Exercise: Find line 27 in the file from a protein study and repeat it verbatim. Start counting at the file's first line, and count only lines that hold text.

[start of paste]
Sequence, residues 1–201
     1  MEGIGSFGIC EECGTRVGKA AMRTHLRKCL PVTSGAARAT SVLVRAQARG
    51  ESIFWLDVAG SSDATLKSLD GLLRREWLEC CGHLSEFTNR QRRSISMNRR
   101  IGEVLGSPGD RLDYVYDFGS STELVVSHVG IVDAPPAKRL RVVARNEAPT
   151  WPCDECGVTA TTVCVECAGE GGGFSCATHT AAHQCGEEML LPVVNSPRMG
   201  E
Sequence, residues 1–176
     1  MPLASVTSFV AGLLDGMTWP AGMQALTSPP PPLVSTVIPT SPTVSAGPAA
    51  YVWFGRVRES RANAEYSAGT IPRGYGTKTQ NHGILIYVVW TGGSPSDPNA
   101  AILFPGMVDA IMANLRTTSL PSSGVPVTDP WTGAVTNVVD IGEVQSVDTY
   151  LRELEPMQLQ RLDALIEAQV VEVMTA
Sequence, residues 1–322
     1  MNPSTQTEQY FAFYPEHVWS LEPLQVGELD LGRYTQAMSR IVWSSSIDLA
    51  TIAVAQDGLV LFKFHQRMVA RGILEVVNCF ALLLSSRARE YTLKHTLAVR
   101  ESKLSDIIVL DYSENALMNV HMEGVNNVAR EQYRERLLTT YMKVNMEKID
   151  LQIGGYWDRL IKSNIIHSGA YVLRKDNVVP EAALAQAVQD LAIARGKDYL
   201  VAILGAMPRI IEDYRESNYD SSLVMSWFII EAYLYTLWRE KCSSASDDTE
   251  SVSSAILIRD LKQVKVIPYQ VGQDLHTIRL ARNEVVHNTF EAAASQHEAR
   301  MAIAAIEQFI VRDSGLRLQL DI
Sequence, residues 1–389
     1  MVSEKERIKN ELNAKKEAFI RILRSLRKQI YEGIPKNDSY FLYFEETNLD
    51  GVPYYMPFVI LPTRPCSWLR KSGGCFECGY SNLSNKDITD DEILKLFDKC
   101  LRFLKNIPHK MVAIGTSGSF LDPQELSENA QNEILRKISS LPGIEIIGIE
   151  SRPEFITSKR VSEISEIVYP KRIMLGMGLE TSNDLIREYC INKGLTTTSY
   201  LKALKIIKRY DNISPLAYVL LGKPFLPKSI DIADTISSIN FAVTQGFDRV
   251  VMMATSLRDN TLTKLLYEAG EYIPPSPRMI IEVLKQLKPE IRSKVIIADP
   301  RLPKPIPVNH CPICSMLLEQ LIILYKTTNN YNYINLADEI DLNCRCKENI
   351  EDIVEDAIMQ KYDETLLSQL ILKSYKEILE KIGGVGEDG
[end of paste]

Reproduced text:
   301  RLPKPIPVNH CPICSMLLEQ LIILYKTTNN YNYINLADEI DLNCRCKENI